January 14, 2009
Contact: Michelle Mittelstadt
WASHINGTON –With the United States in an economic crisis
that may already be the worst since the Great Depression, a report
issued today by the Migration Policy Institute finds that the
recession may produce differing results for legal and illegal
The report, Immigrants
and the Current Economic Crisis, cites a growing body of
evidence suggesting there has been a measurable slowdown in
the historic growth of immigration in the United States, largely
because there has been no significant growth in the unauthorized
immigrant population since 2006.
“Legal and illegal immigration flows respond differently
in an economic crisis,” said Migration Policy Institute
President Demetrios Papademetriou, an author of the report. “Legal
permanent immigration flows are the least responsive to economic
pressures, while illegal immigration flows are the most responsive.”
“Still, substantial return migration of unauthorized immigrants
is unlikely unless there’s a protracted and severe worsening
of the U.S. economy,” Papademetriou added.
The report examines the effects of the economic crisis and factors
such as immigration enforcement on the immigrant population already
in the United States; predicts how future immigration flows may
be affected; discusses how immigrants fare in the U.S. labor
market during recessions; and offers possible policy prescriptions.
Among the report’s findings:
- While there is anecdotal evidence that return migration to
some countries, including Mexico, appears to have increased
there is no definitive trend so far that can be tied
in a significant way to U.S. economic conditions.
- Suggestions that increasingly strict enforcement of immigration
laws by federal, state and local officials is responsible for
increased return migration appear to be premature. With enforcement
differing from jurisdiction to jurisdiction, selective enforcement
strategies are likely to first divert unauthorized immigrants
to other destinations within the United States where economic
opportunities exist rather than induce them to leave the country.
- Return migration appears to correlate more closely with economic,
political and social developments in countries of origin than
with economic conditions in the United States.
- While immigrants on average share the demographic characteristics
of the workers who are most vulnerable during recessions (including
relative youth, lower levels of education and recent entry
into the labor force), they also may be able to adjust more
quickly than native-born workers to fluctuating labor market
conditions because they are more amenable to moving and changing
- The lack of access to public benefits and family obligations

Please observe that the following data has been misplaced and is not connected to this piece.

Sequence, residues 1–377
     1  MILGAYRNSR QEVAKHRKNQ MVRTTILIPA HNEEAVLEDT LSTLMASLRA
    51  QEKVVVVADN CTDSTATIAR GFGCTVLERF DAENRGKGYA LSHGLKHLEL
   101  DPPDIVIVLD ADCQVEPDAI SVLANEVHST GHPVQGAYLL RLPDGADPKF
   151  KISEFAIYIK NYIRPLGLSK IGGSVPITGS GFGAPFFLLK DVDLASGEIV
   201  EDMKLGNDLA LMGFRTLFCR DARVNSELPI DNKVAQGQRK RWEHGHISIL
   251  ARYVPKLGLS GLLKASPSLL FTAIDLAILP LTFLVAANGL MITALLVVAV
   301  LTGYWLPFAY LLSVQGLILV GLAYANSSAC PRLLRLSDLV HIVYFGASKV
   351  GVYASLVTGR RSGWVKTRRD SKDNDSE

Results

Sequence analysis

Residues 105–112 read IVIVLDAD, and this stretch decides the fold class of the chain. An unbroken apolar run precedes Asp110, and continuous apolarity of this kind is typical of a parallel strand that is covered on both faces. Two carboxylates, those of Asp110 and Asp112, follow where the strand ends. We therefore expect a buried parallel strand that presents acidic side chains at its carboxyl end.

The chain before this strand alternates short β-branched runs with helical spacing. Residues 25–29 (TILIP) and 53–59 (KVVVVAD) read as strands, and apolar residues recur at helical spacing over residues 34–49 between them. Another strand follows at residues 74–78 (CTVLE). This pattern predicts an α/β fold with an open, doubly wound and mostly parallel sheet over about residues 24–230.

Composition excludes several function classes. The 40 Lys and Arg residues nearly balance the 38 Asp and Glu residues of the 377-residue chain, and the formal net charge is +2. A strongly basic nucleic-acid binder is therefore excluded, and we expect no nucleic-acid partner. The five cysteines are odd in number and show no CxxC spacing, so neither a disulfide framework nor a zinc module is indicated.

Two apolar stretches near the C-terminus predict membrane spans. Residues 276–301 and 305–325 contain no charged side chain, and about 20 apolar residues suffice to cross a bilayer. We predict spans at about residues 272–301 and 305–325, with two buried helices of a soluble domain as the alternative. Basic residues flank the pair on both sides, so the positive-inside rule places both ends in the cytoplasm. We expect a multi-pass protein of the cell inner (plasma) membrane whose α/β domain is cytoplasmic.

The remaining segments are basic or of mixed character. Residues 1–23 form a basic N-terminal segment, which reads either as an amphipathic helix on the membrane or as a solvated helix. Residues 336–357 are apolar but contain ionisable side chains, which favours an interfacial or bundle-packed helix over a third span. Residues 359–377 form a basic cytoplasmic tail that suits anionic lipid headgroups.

(such as sending remittances to relatives in the country of
origin) may force immigrant workers to go to extraordinary
lengths to remain employed or find new employment quickly,
possibly pushing some into dangerous working conditions or
- Legal immigration appears least tied to U.S. economic conditions
because most legal immigrants in recent years have been status
adjusters who already live in the United States and tend to
have strong labor market ties; there is a pent-up demand for
employer-sponsored visas; about two-thirds of legal immigrants
are coming to reunite with family on visas that, in many cases,
took years to secure; and refugee and asylee flows are largely
independent of the economic climate.
“Illegal immigration is more responsive to economic downturns
than legal immigration because it is comprised overwhelmingly
of economic migrants whose decisions to migrate are based on
their ability to find work,” said report co-author Aaron
Terrazas, an MPI Research Assistant.
The report offers a number of policy suggestions that could
make the U.S. immigration system more responsive to U.S. labor
market and economic needs, among them the creation of a Standing
Commission on Immigration and Labor Markets that would provide
recommendations to Congress and the administration on adjustments
to admissions levels based on labor market needs, employment
patterns and changing economic and demographic trends.
“While the current economic crisis might not seem the
most opportune moment to fix the chronic disconnect between the
U.S. labor market and immigration system, visionary policymakers
will recognize that a more nimble and thoughtful immigration
system would better serve U.S. economic interests in an ever-more
competitive global marketplace,” Papademetriou said.
The report, the first research product of MPI’s new Labor
Markets Initiative, is available online at: www.migrationpolicy.org/pubs/lmi_recessionJan09.pdf
The Migration Policy Institute is an independent, non-partisan,
non-profit think tank in Washington, DC dedicated to analysis
of the movement of people worldwide. MPI provides analysis, development
and evaluation of migration and refugee policies at the local,
national and international levels.